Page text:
Disappointedly, the functions of an ideal council include the following: 1. a. The consideration and the making of a recommendation to a state commission planning or any similar body on i. the economic development of the state, particularly in so far as the areas of authority of the council and of the state are affected, and ii. Proposals made by the said commission or body. b. Collection of rates, radio and television licenses, c. Establishment and maintenance of cemeteries, burial grounds, and homes for the destitute or inform. d. Licensing of bicycles, trucks (other than mechanically propelled trucks), canoes, wheelbarrows & carts. e. Establishment, maintenance, and regulation of slaughterhouses, slaughter slabs, markets, motor parks, and public conveniences. f. Construction and maintenance of roads, street, street lightings, drains, and other public highways, parks, gardens, open spaces, or such public facilities as may be prescribed from time to time by the House of Assembly of a state, g. The naming of roads and streets, and numbering of houses, h. Provision and maintenance of public convenience, sewage, and disposal i. Registration of all births, deaths and marriages j. Assessment of privately owned houses or tenements for the purpose of levying such rates as may be prescribed by the Houses of Assembly of a state and k. Control and regulation of i. Outdoor advertising and hoarding ii. Movement and keeping of pets of all description iii. Shops and kiosks iv. Restaurants, bakeries and other places for sale of food to the public v. Laundries vi. Licensing, regulation, and control of the sale of liquor.
2. The functions of a Local Government Council shall include participation of such council in the Government of a state as respects the following matters: (a) the provision and maintenance of primary, adult and vocational education (b) the development of agriculture and natural resources, other than the exploitation of minerals (c) the provision and maintenance of health services, and (d) Such other functions as may be conferred on a local government by the House of Assembly of the state. Further reference to the unfortunate predicament of our local council system is captured by S. 162 (8) which provides that the amount standing to the credit of local government councils of a state shall be distributed among the local government councils of that state on such terms and in such manner as may be prescribed by the House of Assembly of the state.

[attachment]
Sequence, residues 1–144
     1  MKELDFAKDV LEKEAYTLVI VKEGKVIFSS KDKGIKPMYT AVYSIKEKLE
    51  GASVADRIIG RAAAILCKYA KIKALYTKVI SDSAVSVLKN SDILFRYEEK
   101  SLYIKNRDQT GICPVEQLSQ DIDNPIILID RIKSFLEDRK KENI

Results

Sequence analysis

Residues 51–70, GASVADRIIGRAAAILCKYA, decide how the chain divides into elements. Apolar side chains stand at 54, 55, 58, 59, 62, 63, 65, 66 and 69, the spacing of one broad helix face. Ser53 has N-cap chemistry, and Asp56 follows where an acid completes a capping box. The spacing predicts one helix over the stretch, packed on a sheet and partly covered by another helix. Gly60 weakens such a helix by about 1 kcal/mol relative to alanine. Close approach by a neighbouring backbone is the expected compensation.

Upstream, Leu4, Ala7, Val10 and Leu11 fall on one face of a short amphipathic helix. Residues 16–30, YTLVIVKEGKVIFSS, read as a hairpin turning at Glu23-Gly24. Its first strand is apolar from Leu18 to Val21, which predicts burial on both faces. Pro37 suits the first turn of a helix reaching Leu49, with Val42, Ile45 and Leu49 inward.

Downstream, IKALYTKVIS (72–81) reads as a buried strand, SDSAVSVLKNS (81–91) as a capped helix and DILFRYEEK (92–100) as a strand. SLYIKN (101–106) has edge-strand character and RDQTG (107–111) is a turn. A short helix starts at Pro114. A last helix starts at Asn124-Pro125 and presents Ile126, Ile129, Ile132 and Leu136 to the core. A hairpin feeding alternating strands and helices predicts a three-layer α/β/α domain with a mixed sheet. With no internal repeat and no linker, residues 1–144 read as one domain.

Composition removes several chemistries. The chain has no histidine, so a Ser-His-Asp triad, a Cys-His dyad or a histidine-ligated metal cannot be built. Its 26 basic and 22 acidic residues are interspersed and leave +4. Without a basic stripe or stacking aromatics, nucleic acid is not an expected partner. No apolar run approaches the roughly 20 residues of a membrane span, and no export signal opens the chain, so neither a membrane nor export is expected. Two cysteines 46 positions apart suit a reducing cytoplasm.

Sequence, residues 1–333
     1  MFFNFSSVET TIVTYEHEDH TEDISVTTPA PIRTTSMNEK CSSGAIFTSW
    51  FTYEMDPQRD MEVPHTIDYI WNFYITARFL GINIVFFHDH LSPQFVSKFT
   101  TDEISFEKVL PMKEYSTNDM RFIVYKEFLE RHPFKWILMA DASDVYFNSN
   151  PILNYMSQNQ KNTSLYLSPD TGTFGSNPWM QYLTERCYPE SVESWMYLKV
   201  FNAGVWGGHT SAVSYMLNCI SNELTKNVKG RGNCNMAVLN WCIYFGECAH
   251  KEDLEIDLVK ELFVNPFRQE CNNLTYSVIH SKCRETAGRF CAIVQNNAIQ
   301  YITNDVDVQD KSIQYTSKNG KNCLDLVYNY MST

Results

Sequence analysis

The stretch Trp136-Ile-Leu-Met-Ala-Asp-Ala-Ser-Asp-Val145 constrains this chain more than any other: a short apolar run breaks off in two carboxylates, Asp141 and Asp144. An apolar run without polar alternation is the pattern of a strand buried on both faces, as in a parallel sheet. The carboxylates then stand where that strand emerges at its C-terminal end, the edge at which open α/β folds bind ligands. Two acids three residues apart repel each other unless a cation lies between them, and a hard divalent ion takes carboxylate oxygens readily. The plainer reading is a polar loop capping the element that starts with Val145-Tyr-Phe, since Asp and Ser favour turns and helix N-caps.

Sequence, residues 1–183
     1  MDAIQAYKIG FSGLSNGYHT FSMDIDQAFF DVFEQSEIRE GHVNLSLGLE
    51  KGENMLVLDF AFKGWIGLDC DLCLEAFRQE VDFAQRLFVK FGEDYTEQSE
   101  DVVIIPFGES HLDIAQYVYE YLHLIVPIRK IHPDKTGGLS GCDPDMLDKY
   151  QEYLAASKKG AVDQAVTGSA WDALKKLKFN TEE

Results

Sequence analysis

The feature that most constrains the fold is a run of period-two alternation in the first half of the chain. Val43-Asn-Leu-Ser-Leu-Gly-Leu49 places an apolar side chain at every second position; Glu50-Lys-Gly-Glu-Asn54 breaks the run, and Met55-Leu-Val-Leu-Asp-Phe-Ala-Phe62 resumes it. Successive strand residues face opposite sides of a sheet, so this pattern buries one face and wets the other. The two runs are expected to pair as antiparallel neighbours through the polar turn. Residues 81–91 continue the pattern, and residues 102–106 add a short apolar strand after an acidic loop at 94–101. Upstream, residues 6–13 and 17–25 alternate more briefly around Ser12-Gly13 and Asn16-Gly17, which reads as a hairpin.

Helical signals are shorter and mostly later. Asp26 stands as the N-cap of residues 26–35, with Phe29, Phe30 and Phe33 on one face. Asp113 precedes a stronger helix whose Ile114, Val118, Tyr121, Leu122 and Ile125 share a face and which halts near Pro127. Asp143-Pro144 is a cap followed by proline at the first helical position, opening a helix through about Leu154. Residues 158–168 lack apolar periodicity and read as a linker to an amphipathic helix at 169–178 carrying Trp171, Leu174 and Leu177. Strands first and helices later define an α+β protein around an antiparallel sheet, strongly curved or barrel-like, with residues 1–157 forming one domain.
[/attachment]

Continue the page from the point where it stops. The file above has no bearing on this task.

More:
States and local government councils’ unholy alliance
The impunity and recklessness at which state governors undermine the autonomy of local councils is derived from S.162 (5) which provides that the amount standing to the credit of local government councils in the federation Account shall also be allocated to the states for the benefit of their local government councils on such terms and in such manner as may be prescribed by the National Assembly. S.162 (6) goes further to provide that each state shall maintain a special account to be called “State Joint Local Government Account” into which shall be paid all allocations to the local government councils of the state from the Federation Account and from the government of the state. It is obvious from the framers of our constitution that the local councils are meant to be mere administrative units.
The Nigerian financial intelligence unit and local government councils’ autonomy